More and more in agriculture, you hear about carbon credits. It’s becoming a larger topic of discussion not only due to it being part of strategies to reduce carbon emissions but also because it’s viewed as a way for growers to supplement their income. To help explain the ins and outs of carbon credits and what it means for farmers, the E4 team will cover some of the basics of this evolving trend in agriculture.
What Are Carbon Credits?
The concept of carbon credits allows businesses and industries to reduce or offset their greenhouse gas emissions (GHG). One carbon credit is commonly represented as one metric ton of carbon dioxide (CO2), and it can be created by investing in activities that reduce GHG emissions. For agricultural carbon credits, these activities are directed towards foresters, ranchers, and farmers who can increase carbon storage from the air into the soil through improved forest, grassland, and cropland practices.
Most tons of potential soil carbon storage in agriculture come from forest management activities, grassland conversion, and planting cover crops. Other agricultural activities potentially generating carbon credits include reduced tillage, reduced fertilizer applications, and even capturing methane from livestock operations and converting it to electricity.
How Farmers Benefit
Farmers benefit from carbon credits by getting paid to offset the carbon emissions of third parties. The current value of a carbon credit can be as high as $30 per metric ton and is expected to increase over time. Carbon credits can be generated when farmers that are involved in the carbon markets document sustainability practices.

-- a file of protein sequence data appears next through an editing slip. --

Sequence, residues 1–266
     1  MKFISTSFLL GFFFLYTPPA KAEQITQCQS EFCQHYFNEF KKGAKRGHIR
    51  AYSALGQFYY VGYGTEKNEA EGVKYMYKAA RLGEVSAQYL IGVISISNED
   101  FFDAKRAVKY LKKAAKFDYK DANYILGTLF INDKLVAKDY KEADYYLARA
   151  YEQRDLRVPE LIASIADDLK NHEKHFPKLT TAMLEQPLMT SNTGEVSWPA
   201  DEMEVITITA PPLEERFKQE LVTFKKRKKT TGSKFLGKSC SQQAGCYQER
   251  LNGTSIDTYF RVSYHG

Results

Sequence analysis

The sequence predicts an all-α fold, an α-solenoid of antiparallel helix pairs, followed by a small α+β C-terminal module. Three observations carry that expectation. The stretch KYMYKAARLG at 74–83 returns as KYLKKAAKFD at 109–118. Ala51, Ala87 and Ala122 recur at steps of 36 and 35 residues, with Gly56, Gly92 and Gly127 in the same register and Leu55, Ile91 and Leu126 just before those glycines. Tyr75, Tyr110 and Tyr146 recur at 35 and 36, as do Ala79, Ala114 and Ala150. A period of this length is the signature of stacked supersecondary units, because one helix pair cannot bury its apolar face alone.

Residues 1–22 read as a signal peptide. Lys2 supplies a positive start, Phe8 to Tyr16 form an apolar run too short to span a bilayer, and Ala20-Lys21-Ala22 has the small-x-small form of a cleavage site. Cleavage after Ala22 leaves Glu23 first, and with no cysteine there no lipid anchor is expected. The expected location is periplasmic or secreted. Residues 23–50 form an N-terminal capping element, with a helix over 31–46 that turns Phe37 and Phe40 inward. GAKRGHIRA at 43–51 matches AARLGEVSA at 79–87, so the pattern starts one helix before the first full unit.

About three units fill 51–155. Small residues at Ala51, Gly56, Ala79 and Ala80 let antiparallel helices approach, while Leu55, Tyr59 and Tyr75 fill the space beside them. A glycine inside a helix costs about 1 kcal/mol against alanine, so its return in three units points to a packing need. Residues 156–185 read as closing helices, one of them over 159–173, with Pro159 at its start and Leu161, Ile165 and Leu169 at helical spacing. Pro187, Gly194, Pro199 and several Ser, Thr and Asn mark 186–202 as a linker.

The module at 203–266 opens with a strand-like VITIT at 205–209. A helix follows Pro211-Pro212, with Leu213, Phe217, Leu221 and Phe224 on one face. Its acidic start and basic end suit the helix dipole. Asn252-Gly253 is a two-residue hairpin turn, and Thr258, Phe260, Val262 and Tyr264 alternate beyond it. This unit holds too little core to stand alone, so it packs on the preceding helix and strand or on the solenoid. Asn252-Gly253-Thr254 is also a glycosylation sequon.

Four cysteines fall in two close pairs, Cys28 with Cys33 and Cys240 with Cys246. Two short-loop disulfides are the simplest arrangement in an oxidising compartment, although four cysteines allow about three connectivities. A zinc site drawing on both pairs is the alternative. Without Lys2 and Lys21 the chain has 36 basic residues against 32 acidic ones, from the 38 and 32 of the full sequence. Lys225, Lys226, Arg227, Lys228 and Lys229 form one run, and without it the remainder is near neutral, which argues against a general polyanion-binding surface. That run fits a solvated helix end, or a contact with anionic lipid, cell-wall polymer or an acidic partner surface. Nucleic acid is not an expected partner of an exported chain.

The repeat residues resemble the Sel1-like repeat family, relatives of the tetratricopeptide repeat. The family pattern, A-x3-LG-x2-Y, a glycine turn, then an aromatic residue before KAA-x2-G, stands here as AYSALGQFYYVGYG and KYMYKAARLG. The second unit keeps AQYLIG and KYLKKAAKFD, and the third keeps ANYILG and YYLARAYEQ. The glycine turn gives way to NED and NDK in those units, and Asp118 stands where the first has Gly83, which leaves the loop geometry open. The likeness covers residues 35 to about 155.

There are two types of carbon markets: voluntary markets and compliance markets. Voluntary carbon markets serve businesses and individuals who wish to offset some or all of their GHG emissions to accomplish business or personal sustainability goals. Still, they are not legally required to do so. Compliance carbon markets serve regulated entities legally required to reduce their GHG emissions.
To participate in these markets, farmers can participate in programs designed to connect businesses and industries with growers ready to sequester carbon. Programs such as Bayer’s Carbon Initiative or Indigo Ag are a great way to get involved with this opportunity. There are plenty of other programs, too; you need only look for them. For other engaging information about the future of agriculture, look at other E4 articles on E4CropIntelligence.com/E4-Expertise.